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You all have no idea what you're dealing with, do you?

Midnight Special
(2016)

(SPOILERS) Midnight Special sadly isn’t all that special. It seems those ‘80s movies that inspired him didn’t rubbed off enough to leave writer-director Jeff Nichols with a remotely affecting plot, let alone one eliciting a sense of wonder. A chase thriller that is only sporadically thrilling, and a science fiction mystery that turns out not to be so mysterious, there’s no doubting Nichols’ talent as a director, but I’m less convinced of his touch when embracing genre trappings.


The picture is at its most effective during the opening stages, with the encouraging decision to set the wheels of this road movie in motion midway through events; Roy (Michael Shannon), his son and prodigy Alton (Jaeden Lieberher) and state trooper Lucas (Joel Edgerton) are fleeing the arms of the law, and the cult that has been Alton’s enforced home, courtesy of its leader Calvin (Sam Shepard). We know Alton is special, we just don’t know quite how; the NSA is interested, as Calvin’s sermons have been dropping coded official secrets. Whatever is going on?


Intriguing as the set up is, the anticipation soon dissipates. Alton is some kind of next level, highly advanced indigo child, prone to bouts light streaming from his eyes (or having them merely glow in uncanny Village of the Damned fashion), an ability to touch others to their core (the details are vague) and an antenna that picks up signals (as such, his speaking in tongues is revealed as altogether mundane). Alton isn’t really all that fascinating beyond his party tricks, particularly since, like E.T. and (the main template for Nichols) Starman, he just wants to go “home” (and, as with Close Encounters, he must journey to a specific spot to do so).


There’s nothing wrong with the performances. Lieberher gives another strong showing following St. Vincent. Edgerton apparently stuffed himself with pies before arriving on set each morning. Dunst seems a bit haggard, no doubt in the name of her art. Shannon acts slightly mental (so no change there). But none of them have been given engaging characters. You expect some nourishment of backstory or character development for Lucas, justifying Edgerton’s presence, but it never comes. Llike the realm Alton is bound for, they are wilfully oblique, but not in that way that can sometimes be rewarding, where less is more because it invites you to speculate and piques the imagination.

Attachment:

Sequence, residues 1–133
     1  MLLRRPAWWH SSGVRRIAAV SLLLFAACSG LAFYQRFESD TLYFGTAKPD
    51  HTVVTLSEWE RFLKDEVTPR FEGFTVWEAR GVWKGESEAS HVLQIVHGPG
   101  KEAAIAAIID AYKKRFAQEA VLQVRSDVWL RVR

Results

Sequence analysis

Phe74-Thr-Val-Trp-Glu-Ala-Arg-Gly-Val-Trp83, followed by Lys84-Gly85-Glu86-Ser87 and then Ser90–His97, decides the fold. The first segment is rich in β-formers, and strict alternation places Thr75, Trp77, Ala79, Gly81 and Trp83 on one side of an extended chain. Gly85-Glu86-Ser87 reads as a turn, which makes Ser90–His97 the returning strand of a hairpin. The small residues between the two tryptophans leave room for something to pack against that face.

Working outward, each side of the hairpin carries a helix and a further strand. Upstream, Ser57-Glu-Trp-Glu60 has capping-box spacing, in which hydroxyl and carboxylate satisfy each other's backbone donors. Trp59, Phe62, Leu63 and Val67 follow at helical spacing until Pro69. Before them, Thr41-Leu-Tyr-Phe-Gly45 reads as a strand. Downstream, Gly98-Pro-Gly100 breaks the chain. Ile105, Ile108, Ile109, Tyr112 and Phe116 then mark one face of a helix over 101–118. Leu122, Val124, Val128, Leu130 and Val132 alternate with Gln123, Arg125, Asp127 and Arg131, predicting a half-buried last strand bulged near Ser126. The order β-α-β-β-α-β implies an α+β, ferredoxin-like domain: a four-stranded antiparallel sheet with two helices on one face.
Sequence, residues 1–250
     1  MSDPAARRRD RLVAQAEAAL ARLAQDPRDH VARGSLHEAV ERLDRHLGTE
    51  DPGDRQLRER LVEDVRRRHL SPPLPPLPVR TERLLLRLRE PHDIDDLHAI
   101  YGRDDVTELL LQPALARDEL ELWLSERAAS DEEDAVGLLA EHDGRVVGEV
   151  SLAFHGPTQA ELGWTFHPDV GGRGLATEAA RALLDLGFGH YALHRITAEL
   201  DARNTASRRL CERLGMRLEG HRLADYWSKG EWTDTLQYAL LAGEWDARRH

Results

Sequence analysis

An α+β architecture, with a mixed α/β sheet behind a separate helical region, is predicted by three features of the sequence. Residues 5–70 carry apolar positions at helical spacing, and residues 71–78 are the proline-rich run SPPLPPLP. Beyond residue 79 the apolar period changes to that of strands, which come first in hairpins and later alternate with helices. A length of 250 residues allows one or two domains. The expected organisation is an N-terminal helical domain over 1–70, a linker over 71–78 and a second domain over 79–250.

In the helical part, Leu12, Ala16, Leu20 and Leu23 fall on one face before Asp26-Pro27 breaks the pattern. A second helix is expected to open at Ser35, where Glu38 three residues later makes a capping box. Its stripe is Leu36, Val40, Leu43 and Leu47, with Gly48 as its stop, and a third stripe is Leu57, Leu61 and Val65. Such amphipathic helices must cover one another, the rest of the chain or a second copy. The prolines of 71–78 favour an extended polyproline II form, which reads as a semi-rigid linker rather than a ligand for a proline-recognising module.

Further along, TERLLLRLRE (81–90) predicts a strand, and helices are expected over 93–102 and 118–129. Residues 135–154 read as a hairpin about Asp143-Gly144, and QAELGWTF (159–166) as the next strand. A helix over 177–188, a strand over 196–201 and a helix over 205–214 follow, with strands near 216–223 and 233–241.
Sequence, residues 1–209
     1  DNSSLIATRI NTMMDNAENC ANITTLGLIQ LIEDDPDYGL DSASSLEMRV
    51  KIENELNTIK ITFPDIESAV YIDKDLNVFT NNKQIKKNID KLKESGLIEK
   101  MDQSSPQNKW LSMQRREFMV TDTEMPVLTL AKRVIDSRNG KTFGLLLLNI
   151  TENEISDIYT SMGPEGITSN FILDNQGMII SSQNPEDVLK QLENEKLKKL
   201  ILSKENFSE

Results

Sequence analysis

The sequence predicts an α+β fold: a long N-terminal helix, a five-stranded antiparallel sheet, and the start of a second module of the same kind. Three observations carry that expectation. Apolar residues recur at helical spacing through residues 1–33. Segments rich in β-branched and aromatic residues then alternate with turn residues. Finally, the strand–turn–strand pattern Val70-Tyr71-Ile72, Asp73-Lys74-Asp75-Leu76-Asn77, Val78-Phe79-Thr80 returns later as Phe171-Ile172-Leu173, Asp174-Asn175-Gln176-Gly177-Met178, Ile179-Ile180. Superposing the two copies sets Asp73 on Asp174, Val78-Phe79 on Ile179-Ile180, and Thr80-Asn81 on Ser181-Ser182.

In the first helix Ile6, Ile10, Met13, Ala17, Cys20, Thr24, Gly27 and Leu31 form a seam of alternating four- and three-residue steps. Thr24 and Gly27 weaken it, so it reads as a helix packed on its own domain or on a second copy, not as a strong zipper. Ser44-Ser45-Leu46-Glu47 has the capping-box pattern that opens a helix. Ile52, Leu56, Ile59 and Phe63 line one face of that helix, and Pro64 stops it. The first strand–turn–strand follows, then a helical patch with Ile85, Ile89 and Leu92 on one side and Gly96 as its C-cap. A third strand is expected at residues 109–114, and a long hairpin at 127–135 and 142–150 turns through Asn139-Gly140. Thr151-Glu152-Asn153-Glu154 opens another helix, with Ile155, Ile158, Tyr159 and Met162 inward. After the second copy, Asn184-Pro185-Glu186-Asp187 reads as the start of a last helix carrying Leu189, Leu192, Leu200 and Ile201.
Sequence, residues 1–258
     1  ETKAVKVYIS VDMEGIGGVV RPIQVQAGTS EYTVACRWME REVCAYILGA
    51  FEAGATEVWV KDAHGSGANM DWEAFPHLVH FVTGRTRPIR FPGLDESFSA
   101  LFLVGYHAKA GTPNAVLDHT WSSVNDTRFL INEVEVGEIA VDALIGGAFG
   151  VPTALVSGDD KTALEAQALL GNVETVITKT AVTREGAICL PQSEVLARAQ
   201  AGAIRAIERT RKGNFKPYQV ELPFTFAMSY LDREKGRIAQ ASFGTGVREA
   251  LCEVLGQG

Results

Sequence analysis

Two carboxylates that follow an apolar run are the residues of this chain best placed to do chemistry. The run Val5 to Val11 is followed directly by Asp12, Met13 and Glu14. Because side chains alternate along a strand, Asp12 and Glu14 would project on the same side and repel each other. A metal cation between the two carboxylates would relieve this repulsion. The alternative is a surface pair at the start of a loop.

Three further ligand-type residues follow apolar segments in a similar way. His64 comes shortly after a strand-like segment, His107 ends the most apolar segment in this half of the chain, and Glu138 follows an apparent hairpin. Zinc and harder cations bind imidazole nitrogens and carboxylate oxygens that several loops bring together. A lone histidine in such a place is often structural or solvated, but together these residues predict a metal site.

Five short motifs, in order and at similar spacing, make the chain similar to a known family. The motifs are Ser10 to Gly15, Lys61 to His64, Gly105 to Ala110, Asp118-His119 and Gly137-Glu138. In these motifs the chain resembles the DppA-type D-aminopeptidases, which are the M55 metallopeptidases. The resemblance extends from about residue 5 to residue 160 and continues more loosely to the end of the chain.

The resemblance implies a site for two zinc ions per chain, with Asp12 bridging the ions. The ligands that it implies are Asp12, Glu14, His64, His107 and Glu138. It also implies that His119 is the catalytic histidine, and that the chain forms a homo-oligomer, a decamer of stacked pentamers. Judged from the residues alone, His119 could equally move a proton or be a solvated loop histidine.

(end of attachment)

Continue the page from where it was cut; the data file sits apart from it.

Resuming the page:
As such, one rather gets the feeling Nichols had no ideas beyond the limited ones he voices. Hence the rather lame denouement, as Alton joins his people, the ones who live above us and watch us (effectively in a different dimension, co-existing with our own). It’s Tomorrowland redux, right down to the futuristic architecture and these more advanced beings’ blithe indifference to the fate of wretchedly average Earthlings. What’s Nichols trying to say with that? Has he thought about it? He doesn’t consciously seem to be invoking the Rand-ian reading Tomorrowand invited, but it’s still a bit whiffy.


Also in the equation is Adam Driver’s benign NSA agent, unable to rise above memories of similar ‘70s and ‘80s characters, be they played by Peter Coyote or Bob Balaban or… usually Bob Balaban. There’s the occasional strong, energised episode in its favour, such as the sequence where Alton is snatched back by Calvin’s minions, or a satellite falling to earth at a service station, or the climactic road block. There’s also a fine Carpenter-esque score, from regular Nichols composer David Wingo.


Unfortunately, the latter just adds to the feeling of unworthy homage. Midnight Special is as cap-doffing as JJ Abrams’ Super 8, but shamefacedly so, attempting to be a little more indie as a counterbalance (too often, Nichols mistakes mood for content, where the mood is mostly dead space). In doing so, he only highlights the picture’s essential emptiness. It’s as if he really wanted to make a sombre, downbeat movie, something closer to, say, The Dead Zone in chilly texture than the bittersweet warmth Starman, and found his intentions muddled by themes of family and transcendence. His last picture, Mud, was highly impressive, so perhaps Loving (also due this year, also with Shannon and Edgerton, but a straight drama) will see him regain his form.


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